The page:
“When our freshmen arrive on campus, we indicate that we are preparing them for power, not a job or career,” explains Newhouse. “People don’t learn how to lead by reading books, they learn by leading.”

According to Newhouse, Tuskegee prepares graduates to compete in a business environment where competence and character aren’t the only keys to success, and where fairness doesn’t always exist — especially for African Americans. “We help them realize they can still win, if their strategy for success takes this [inequity] into account,” Newhouse said.

Grooming Black Ph.D.s

Black scholars are among the leading role models who can influence African-American students to pursue careers in business. Unfortunately, there are too few Black scholars whose area of expertise is business. According to AACSB, accredited business school faculties are approximately 82 percent white, nationally.

As far as Dr. Lucy Reuben knows, her institution, South Carolina State University, which specializes in agri-business, is the only HBCU that has specifically committed itself to the cultivation of doctoral scholars in business.

“We aim to be the premiere provider of undergraduates who go on to get doctorates in business,” says Reuben, who is dean of the School of Business and the Marshall B.

Williams Professor of Business

Administration. “This is important because we’ve got to have role models, and we also need those who are committed to HBCUs. We realize that not all of our students will go on to teach at HBCUs, hut we believe that if we can be a provider, in critical mass, of continuous strength in this area, that will benefit all of us.”

Reuben isn’t the only one concerned about grooming Black Ph.D.s in business. In an effort to attract established business professionals into the field of higher education, a group of U.S. corporations have committed $1.3 million to a new program called the Ph.D. Project — a long-range effort to persuade minority business executives to pursue doctoral degrees in business. “We’re very serious about trying to improve diversity in corporate America,” says Bernard J. Milano of KPMG Peat Marwick and Associates, the company whose foundation conceived the project. “This is part of a multi-faceted approach to transforming the corporate landscape.”

KPMG credits the thirty-month-old Ph.D. Project with having influenced seventy people of color to pursue doctoral degrees in business in 1995. That same year, the number of minority doctoral candidates entering business schools shot up 42 percent.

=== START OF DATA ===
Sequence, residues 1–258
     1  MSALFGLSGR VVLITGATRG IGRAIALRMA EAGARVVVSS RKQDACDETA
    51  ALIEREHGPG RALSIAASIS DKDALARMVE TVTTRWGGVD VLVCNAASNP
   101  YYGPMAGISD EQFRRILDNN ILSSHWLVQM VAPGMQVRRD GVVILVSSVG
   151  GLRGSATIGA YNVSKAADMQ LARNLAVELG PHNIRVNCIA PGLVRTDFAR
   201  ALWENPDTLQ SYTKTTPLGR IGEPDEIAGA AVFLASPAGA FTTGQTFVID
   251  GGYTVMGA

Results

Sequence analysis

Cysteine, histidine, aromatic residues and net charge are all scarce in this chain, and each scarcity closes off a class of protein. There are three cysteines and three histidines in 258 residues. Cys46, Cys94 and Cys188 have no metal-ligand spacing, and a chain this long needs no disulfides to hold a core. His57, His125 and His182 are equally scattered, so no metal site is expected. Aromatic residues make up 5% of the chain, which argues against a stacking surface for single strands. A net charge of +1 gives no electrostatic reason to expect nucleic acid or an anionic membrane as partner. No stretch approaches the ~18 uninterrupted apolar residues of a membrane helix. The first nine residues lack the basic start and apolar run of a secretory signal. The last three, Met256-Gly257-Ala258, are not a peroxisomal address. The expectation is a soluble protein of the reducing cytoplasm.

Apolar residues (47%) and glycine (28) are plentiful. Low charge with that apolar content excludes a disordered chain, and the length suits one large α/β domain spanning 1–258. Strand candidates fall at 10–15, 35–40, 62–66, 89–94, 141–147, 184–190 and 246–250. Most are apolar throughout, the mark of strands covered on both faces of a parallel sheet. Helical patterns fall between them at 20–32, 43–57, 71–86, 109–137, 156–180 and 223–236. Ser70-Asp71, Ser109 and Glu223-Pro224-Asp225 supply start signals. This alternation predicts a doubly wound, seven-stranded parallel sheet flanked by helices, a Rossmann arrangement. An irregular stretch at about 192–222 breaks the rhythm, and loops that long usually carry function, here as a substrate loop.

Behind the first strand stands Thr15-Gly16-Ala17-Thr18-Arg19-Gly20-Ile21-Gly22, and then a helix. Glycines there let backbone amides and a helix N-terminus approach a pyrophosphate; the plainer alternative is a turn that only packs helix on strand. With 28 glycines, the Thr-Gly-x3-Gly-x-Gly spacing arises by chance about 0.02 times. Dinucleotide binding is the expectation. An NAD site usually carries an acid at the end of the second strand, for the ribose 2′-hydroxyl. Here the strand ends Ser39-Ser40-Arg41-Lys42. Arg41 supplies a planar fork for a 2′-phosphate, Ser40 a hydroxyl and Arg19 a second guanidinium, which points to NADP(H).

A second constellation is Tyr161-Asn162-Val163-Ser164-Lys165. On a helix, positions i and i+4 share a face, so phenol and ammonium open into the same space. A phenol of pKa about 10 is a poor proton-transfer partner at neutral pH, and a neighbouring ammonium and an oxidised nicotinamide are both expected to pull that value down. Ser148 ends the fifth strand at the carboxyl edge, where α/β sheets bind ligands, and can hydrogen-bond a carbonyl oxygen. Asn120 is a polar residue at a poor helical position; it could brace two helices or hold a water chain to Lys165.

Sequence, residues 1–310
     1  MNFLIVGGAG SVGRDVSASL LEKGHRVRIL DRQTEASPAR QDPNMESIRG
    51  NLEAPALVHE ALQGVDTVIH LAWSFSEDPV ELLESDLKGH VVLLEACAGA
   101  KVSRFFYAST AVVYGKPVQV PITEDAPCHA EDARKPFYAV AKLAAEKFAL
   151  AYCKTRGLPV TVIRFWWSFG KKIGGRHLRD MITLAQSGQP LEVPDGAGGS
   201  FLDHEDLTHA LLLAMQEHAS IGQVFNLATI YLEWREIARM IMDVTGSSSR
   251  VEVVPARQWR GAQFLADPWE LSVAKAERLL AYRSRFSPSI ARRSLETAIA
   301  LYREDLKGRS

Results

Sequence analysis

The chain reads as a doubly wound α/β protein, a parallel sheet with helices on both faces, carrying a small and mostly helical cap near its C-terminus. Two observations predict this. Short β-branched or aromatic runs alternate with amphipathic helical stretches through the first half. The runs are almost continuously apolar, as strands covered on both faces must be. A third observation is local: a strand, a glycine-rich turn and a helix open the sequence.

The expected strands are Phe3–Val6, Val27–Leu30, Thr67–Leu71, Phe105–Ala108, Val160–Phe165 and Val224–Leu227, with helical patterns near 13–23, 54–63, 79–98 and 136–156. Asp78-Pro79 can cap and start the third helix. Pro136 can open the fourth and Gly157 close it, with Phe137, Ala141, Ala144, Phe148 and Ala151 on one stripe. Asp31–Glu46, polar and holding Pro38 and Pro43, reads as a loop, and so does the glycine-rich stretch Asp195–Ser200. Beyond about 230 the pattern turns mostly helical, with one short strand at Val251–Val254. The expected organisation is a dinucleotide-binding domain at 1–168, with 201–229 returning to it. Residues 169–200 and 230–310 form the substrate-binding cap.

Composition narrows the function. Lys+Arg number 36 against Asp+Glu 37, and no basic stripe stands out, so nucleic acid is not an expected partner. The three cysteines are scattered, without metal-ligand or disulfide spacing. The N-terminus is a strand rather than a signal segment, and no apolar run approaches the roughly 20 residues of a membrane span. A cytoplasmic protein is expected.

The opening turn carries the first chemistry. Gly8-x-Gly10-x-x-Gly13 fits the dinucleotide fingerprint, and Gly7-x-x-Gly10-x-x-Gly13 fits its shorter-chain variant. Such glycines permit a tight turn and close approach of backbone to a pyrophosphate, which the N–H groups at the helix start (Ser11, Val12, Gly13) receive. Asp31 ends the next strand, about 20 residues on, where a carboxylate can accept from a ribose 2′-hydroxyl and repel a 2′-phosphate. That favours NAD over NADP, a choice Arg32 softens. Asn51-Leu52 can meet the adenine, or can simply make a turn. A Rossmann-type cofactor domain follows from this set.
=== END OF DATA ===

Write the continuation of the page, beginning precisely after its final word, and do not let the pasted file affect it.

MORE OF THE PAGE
Joining KPMG as cosponsors of the PhD Project are: the Graduate Management Admission Council, Citibank, AACSB, the Chrysler Corporation Fund, Fannie Mae Foundation, Ford Motor Company, Texaco and participating universities.

Measurements of Competitiveness

Business schools are magnets not only for top students and faculty but for financial resources as well. Scholarships, grants, fellowships, endowed chairs, and other gifts abound for business programs at the higher education level. To win these benefits, however, institutions must maintain a high standard of excellence. “Corporations won’t invest unless they think you have a vision that is worth their investment,” explains Craig. “HBCU business schools can no longer just exist. They have to be competitive, continue to improve, and sustain a rigid determination for excellence.”

Besides accreditation, there are several other ways a school can measure its competitiveness. Chief among these is the success of its graduates. Institutions hoping to assess their competitiveness should ask questions like: Are our students landing jobs with major corporations? Are they attracting competitive salaries? And are they being promoted?

Another key to determining the success of graduates is checking the corporate recruiter roster for repeat visitors. It is expensive for corporations to come to campus. They won’t waste time if they feel it is not worthwhile.

In addition, schools may gauge their competitiveness by the number of philanthropic institutions that are willing to donate money to or underwrite scholarships and fellowships for business programs. Also, when HBCU business schools encourage faculty to become active in professional organizations and to publish in scholarly journals, that helps faculty members remain connected to cutting-edge developments in their fields.

If African Americans are ever to turn up in appreciable numbers in the upper echelons of corporate America, HBCUs must continue to nurture their business programs. “In Major League baseball, seldom do you see an African American on the bench,” Craig said. “They are starters. This is what we need in business. HBCUs have to prepare our students to be starters, not just designated hitters.”

The Numbers…

Degrees Conferred in Business by HBCUs, 1993-94

Bachelor’s

Degrees

                                                        Bachelor’s

Institution                                   State       Degree

Howard University                              DC          274